Sep, 2020 - By
Recently Milliman, Inc. has conducted a study for people with behavioral health conditions in addition to physical health drive high healthcare spending. Although spending on the behavioral health treatment is a small portion of totals spending, while most of the spending is on physical health treatment. These details are revealed from the study conducted by Milliman, Inc. that state data for 21 million commercially insured individuals. The report released by Milliman, Inc. commissioned on behalf of The Path Forward for Mental Health and Substance Use by the Mental Health Treatment and Research Institute LLC, in order to study the overall healthcare cost for the patients with a mental health condition.
This study focused on people with a behavioral health condition and their overall spending on healthcare. The 21 million people that are commercially insured populations, the most expensive 10% of patients accounted for 70% of annual total healthcare costs. Therefore, 10% of the 21 million people contributed 70% of the cost for the 21 million people. In this study, 21 million people belong to the high-cost group and the total healthcare cost per high-cost group patient averaged $41,631.
In this study out of the 21 million population, 57% (1.2 million individuals) also belonged to the high-cost Behavioral Subgroup (BH Group) and this group accounted for 44% of the annual entire healthcare spending of the total 21 million. Moreover, out of the total 21 million population, 27% were in the Behavioral Subgroup Group and it represented 56.5% of annual total healthcare costs for the total population.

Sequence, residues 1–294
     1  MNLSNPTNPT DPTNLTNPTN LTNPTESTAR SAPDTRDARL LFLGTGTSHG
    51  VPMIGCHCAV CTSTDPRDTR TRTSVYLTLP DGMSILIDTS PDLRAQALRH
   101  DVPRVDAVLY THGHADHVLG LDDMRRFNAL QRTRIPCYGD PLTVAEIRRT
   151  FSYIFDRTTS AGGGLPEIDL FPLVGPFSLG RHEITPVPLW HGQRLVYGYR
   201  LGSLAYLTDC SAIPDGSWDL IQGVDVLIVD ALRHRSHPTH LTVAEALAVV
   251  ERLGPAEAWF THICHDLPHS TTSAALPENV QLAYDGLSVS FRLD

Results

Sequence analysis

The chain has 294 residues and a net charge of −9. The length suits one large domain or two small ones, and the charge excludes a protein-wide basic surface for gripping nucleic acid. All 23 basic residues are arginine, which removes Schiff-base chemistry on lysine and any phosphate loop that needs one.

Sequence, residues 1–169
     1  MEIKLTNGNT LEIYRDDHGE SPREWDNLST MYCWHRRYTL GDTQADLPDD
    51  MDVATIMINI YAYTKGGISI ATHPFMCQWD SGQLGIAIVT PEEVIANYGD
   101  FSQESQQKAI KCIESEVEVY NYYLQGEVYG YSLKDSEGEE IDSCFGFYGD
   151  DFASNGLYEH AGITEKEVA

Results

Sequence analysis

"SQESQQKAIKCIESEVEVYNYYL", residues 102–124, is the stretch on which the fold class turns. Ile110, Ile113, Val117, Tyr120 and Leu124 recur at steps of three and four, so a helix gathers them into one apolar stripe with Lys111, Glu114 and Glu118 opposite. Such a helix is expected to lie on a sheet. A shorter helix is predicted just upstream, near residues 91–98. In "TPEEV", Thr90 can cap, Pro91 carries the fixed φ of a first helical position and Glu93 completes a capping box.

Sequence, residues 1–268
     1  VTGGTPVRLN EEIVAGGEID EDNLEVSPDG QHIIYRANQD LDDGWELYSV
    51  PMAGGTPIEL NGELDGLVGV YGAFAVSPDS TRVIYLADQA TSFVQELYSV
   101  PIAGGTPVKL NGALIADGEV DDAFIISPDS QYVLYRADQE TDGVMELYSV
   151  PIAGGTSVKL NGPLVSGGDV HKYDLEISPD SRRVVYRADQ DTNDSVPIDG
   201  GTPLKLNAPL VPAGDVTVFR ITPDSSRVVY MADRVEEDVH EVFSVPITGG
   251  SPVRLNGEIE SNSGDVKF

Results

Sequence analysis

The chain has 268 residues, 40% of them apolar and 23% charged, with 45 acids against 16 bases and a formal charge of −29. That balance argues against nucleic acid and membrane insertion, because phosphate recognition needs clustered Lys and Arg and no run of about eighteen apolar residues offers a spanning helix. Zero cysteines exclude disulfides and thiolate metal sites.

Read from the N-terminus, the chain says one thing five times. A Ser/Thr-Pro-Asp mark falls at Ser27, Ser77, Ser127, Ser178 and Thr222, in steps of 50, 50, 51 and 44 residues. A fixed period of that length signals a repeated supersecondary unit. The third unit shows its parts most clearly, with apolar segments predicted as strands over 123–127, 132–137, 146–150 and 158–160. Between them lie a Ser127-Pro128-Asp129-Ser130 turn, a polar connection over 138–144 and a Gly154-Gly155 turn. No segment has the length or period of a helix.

Furthermore, the study also reveals that the annual healthcare cost of the Behavioral Subgroup group for physical treatment were 2.8 - 6.2 times higher than the people with no mental health condition. 50% of people in the Behavioral Subgroup Group spent less than $68 of total annual costs for behavioral health treatment; the other 25% spent around $68 to $502 and 4.4% of total annual healthcare costs were for behavioral for the entire population.
This study reveals that a small portion of the high-cost people contributes a significant rise in the total healthcare costs and the majority of these people belong to the Behavioral Subgroup Group. Mostly, costs for mental health treatment accounted for the small fraction of total healthcare costs for these people, and most of them had very little or no spending on treatment for behavioral health conditions. So there is a misconception around the globe that patients with mental health conditions such as schizophrenia or psychosis drive the high cost of healthcare which is not true as they represent a very small portion of the prevalence especially for the commercial population but this also includes other insurance beneficiaries.
Thus, this study shows the need for early identification and treatment for behavioral illness and the key takeaway for health care policy makers is that they should identify this group early and offer some improvement in the healthcare services.